A lot of games these days try to get by on airs of mystery, surely owing at least a small debt to the inscrutable titles of the ancient consoles. They vary in what they obscure and how much they obscure it, but few reach as far beyond the veil as Nongünz. Designed with no dialogue, no text, no explanations, and seemingly no narrative, you are left to puzzle out not only the mechanics of the game but the purposes for their existence, and in some cases puzzle out their very existence itself. Obviously it’s not an easy game to get into, but the solid shooting and poignant atmosphere should provide the impetus you need to at least attempt understanding.
You are a headless skeleton in a graveyard. There is an enormous temple of skulls and guns, and an enormous-er tower of vile creatures and strange treasures. You enter the tower to battle creatures with your guns, secure treasure, and possibly defeat the horrifying bosses at the end of every floor. Should you fail, you lose everything and are deposited back beneath the graveyard to re-emerge and begin the cycle anew. Some of your actions in the tower will change elements of the graveyard, and the interplay between the two will provide you new advantages and answers in your ill-defined quest.
That’s about as specific as I can get into the plot without spoiling it, and Nongünz exists to have its mysteries unraveled. Instead we can focus on the mechanics, which are important if you intend to whittle away at the secrets offered here. It’s very much a platformer, one with deliberate options and limitations to make you feel both mobile and vulnerable at any give moment. Your boneguy has some helpful tools like a dodge roll and a slide that lets you shoot up, important because you can actually jump again at the end of a roll even in midair and you can’t normally aim your guns anywhere but right and left. Indeed, enemies are designed to tax your reflexes with aggressive movements and shots despite these tools at your disposal, and you are rewarded with many more points for comboing kills together to further test your skills.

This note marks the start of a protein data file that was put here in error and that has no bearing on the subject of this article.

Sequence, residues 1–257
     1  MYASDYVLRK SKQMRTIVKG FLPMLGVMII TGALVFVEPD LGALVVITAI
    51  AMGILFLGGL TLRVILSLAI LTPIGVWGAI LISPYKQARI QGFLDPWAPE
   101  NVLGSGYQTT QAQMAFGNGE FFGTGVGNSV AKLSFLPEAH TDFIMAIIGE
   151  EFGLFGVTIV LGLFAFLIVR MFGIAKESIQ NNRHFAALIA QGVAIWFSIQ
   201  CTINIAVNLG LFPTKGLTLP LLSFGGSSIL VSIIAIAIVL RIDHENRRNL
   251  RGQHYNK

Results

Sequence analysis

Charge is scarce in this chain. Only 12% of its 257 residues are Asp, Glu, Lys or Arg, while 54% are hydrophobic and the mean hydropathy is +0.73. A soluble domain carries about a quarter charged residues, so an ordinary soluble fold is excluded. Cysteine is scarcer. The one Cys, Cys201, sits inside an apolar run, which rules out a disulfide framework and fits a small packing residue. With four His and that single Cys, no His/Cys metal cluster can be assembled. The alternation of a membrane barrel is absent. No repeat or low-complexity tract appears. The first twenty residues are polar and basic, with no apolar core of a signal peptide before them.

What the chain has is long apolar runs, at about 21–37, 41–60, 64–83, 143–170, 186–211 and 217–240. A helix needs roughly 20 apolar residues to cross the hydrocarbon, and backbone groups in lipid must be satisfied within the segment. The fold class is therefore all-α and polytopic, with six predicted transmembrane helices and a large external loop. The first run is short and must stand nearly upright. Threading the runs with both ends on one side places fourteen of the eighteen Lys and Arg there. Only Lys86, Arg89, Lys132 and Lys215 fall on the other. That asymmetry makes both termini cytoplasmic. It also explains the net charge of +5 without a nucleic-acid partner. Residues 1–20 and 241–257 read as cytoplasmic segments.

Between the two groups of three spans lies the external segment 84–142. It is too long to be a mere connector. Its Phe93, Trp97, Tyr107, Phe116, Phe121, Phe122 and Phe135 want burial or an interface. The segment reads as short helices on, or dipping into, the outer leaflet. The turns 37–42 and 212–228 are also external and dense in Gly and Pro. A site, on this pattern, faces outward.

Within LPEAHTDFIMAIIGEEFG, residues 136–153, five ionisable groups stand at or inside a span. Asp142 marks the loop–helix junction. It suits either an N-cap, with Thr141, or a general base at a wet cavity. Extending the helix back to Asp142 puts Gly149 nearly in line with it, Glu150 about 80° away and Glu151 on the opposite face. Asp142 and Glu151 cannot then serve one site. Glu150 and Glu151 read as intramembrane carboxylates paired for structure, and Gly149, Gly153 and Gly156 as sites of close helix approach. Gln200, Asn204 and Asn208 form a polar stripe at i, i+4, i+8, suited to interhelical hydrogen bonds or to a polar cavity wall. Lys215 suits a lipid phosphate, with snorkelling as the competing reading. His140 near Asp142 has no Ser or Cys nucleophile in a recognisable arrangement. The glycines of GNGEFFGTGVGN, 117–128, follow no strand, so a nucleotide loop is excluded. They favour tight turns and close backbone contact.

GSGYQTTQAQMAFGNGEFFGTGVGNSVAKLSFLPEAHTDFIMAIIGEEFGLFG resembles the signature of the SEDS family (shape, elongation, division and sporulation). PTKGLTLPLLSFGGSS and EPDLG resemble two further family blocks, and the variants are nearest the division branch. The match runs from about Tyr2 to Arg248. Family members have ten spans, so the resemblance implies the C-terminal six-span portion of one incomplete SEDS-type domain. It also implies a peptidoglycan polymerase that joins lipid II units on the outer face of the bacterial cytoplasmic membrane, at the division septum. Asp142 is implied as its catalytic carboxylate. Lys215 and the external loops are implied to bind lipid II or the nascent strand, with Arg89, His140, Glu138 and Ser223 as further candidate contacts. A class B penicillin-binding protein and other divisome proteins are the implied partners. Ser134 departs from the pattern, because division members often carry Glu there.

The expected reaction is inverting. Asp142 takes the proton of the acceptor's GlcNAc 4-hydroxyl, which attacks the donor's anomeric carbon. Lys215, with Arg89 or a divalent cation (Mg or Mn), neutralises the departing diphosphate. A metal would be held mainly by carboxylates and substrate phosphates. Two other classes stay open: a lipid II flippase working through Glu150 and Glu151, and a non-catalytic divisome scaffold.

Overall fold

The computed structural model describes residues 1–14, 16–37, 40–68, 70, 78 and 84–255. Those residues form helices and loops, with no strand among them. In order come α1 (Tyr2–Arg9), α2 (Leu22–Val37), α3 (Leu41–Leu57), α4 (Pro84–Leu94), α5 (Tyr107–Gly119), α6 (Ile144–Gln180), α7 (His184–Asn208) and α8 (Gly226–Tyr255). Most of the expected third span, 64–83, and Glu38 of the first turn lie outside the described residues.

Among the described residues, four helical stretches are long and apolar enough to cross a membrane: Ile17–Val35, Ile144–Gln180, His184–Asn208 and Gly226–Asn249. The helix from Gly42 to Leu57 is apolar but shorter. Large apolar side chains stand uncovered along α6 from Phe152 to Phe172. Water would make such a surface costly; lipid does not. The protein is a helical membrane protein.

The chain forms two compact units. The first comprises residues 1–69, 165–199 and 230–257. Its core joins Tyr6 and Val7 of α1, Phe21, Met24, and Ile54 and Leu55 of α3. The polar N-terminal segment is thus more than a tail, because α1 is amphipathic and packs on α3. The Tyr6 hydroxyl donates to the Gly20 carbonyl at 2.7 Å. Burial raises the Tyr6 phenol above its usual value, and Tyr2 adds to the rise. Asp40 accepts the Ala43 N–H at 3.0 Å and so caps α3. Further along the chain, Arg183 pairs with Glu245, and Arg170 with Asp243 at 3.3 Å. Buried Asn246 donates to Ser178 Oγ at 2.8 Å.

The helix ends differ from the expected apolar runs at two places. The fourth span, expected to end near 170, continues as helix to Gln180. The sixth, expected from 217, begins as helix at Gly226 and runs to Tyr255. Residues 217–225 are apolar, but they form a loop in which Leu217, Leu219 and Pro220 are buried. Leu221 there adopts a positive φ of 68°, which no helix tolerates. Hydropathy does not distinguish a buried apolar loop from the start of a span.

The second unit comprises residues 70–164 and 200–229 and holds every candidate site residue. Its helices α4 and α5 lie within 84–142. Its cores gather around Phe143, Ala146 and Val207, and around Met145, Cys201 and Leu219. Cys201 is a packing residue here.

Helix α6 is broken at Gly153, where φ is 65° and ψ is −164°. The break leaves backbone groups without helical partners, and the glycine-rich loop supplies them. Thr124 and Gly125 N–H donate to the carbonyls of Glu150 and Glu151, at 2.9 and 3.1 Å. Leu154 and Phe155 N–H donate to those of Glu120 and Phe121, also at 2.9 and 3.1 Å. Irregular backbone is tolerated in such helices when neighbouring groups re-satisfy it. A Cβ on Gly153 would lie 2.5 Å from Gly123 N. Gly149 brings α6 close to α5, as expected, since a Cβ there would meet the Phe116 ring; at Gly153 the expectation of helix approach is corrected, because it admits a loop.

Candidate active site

The jumping and shooting are tight but unremarkable, leaving the rest of the game’s unexplained systems to carry the burden of hooking your attention. There are no shortage of them either, from the sixteen nameless stats in your pause menu to the paperclips and paper crowns and pelvic bones you find as items to the coffins you can shove things into in the graveyard. Everything has a purpose but it won’t be apparent when you notice something, and you still won’t be sure after you start fiddling with it. Even the different skulls you find, key items that grant limited new abilities, aren’t always clear on how they operate.
But it’s still the mystery that keeps me coming back to Nongünz. It’s an aggressively obtuse game but it’s actually hiding something of substance. That’ll be apparent the first time you figure out how to quit the game, because what you think is going to happen is very conspicuously not going to happen. The clues that begin to break through as you dig deeper are tantalizing, but I must warn that they’re counter-balanced by something of a grind. I can’t say I know the best way through the game but the strategy I’ve settled on involves a lot of half-runs for items and points before challenging the bosses, and it can grate after awhile.
Not content with just being obtuse, Nongünz features an intensely melancholy presentation of chunky monochromatic pixel art dashed with a few muted colors. The game reeks of decay and lifeless expanses, and the horrific enemies like severed noses and globs of eyeballs only heighten the sense of isolation. The soundtrack supports admirably, though treads closer to that of Binding of Isaac than perhaps it should. Nevertheless these factors produce a morose, brooding experience that adds a hint of nihilistic dread to the secrets you’re digging for. Nongünz isn’t a remarkable platformer but it’s a remarkable experience, one that commands your attention and demands your investment to get anything of substance from.